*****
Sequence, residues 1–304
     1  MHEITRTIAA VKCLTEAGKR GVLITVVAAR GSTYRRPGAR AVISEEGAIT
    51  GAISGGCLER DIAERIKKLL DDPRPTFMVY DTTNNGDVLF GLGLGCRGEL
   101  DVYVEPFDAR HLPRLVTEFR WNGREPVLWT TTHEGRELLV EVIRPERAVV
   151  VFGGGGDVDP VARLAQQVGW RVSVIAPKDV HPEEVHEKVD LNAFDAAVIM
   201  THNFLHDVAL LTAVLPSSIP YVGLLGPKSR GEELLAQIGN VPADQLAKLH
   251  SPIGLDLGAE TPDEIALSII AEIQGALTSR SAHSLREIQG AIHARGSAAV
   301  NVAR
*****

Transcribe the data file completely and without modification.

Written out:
Sequence, residues 1–304
     1  MHEITRTIAA VKCLTEAGKR GVLITVVAAR GSTYRRPGAR AVISEEGAIT
    51  GAISGGCLER DIAERIKKLL DDPRPTFMVY DTTNNGDVLF GLGLGCRGEL
   101  DVYVEPFDAR HLPRLVTEFR WNGREPVLWT TTHEGRELLV EVIRPERAVV
   151  VFGGGGDVDP VARLAQQVGW RVSVIAPKDV HPEEVHEKVD LNAFDAAVIM
   201  THNFLHDVAL LTAVLPSSIP YVGLLGPKSR GEELLAQIGN VPADQLAKLH
   251  SPIGLDLGAE TPDEIALSII AEIQGALTSR SAHSLREIQG AIHARGSAAV
   301  NVAR